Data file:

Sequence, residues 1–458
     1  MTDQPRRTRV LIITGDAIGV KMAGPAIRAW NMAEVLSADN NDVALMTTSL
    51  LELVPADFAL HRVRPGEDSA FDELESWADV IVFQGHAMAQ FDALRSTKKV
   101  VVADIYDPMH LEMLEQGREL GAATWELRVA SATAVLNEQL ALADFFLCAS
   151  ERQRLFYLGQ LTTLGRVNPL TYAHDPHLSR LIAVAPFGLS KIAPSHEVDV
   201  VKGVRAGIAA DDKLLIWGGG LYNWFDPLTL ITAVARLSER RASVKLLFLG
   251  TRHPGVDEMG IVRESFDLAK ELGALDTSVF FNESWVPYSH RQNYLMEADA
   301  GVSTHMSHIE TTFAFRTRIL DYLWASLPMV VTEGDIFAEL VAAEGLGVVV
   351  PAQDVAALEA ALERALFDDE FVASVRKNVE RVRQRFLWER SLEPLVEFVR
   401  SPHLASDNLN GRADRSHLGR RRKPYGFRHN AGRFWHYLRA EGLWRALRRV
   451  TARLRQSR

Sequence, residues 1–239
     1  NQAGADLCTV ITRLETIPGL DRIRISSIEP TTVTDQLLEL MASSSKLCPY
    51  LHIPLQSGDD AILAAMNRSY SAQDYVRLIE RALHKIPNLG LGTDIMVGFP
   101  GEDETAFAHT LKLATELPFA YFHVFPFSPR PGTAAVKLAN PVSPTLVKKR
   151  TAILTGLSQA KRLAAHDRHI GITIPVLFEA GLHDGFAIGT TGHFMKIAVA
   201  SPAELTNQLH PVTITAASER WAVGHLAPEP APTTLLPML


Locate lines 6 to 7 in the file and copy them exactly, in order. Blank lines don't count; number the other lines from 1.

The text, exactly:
   201  VKGVRAGIAA DDKLLIWGGG LYNWFDPLTL ITAVARLSER RASVKLLFLG
   251  TRHPGVDEMG IVRESFDLAK ELGALDTSVF FNESWVPYSH RQNYLMEADA